Cthulhu-like creature crawled the depths of ancient oceans

Life reconstruction of Sollasina cthulhu. (Credit: Elissa Martin/Yale Peabody Museum of Natural History)

Researchers have identified a 430 million-year-old fossil as a new species related to living sea cucumbers.

They named the creature Sollasina cthulhu, after HP Lovecraft’s tentacled monster, Cthulhu.

The creature had 45 tentacle-like tube feet, which it used to crawl along the ocean floor and capture foodand was small, about the size of a large spider. Scientists found it in the Herefordshire Lagerstätte in the United Kingdom, a site that has proven to be a trove of fossilized ancient sea animals.

“In this paper, we report a new echinoderm—the group that includes sea urchins, sea cucumbers, and sea stars—with soft-tissue preservation,” says coauthor Derek Briggs, a paleontologist at Yale University.

“This new species belongs to an extinct group called the ophiocistioids. With the aid of high-resolution physical-optical tomography, we describe the species in 3D, revealing internal elements of the water vascular system that were previously unknown in this group and, indeed, in nearly all fossil echinoderms.”

The 3D reconstruction process involves grinding a fossil away, layer by layer, and taking photographs at each stage. This results in hundreds of slice images, which scientists then digitally reconstruct into a “virtual fossil.”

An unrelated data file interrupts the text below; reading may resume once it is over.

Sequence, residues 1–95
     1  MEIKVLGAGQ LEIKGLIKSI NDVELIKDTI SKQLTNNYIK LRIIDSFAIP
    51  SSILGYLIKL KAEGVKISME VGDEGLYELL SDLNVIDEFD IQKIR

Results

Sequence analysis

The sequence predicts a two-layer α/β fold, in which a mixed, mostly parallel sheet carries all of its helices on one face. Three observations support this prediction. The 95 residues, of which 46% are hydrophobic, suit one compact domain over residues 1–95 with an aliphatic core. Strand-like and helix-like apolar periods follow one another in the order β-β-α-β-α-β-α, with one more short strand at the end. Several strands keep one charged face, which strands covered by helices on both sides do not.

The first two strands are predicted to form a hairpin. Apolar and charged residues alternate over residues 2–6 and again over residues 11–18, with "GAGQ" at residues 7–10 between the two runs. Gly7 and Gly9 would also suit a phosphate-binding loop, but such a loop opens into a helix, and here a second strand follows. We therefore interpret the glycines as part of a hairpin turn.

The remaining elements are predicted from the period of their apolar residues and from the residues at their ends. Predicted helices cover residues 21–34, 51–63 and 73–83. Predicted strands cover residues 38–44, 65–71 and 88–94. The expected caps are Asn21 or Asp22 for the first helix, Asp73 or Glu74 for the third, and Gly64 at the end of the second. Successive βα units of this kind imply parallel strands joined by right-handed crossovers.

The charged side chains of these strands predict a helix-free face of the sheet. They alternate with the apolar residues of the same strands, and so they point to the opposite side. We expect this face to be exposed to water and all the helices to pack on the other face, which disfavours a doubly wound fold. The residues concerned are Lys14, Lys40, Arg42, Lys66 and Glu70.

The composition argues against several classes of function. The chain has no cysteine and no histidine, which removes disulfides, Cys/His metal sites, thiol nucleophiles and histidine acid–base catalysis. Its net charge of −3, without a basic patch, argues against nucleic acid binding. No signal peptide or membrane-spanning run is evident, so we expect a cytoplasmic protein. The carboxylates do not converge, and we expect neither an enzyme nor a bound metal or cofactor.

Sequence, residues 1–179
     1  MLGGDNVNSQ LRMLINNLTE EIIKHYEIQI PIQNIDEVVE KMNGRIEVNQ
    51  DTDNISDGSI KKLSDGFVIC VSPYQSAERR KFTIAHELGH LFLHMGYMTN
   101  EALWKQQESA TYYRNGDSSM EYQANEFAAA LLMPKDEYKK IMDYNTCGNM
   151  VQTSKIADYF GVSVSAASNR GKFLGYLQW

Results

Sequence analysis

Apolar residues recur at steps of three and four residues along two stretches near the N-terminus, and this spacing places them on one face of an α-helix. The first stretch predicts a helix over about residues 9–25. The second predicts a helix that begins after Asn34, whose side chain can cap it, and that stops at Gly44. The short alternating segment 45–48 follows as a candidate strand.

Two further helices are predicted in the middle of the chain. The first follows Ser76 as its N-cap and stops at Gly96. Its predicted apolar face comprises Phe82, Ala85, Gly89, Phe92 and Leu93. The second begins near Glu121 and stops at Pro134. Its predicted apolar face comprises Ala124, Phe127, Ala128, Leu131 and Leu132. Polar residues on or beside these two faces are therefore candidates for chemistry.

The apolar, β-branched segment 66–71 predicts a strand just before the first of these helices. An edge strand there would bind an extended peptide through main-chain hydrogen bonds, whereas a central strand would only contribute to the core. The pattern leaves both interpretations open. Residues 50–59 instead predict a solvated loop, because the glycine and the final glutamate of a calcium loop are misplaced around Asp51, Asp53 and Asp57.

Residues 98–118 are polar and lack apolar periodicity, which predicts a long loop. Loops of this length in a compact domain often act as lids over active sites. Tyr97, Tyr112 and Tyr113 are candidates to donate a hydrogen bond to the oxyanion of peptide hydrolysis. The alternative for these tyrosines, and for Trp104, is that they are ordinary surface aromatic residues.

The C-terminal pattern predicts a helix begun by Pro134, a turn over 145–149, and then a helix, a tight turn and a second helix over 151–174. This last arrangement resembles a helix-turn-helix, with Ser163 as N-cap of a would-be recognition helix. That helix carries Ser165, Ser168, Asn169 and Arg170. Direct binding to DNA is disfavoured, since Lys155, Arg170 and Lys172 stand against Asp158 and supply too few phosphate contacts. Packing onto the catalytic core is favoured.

That’s how the researchers were able to discern Sollasina’s internal water vascular system and determine it is more closely related to sea cucumbers rather than to sea urchins.

“The water vascular system operates the tentacle-like structures that they used for locomotion and food capture,” Briggs says.

“The tube feet of living echinoderms are naked, but in the ophiocistioids they were plated. Our analysis strongly suggests that ophiocistioids diverged from the line leading to modern sea cucumbers.”

The researchers says Sollasina’s existence demonstrates that the sea cucumber skeleton modified gradually during the assembly of its body plan.

A study announcing the discovery appears in the journal Proceedings of the Royal Society B.

Additional coauthors came from Oxford University, the University of Leicester, Imperial College London, and University College London. The Yale Peabody Museum of Natural History Invertebrate Paleontology Division, the Oxford University Museum of Natural History, the John Fell Oxford University Press Research Fund, the Natural Environment Research Council, and the Leverhulme Trust supported the research.

Source: Yale University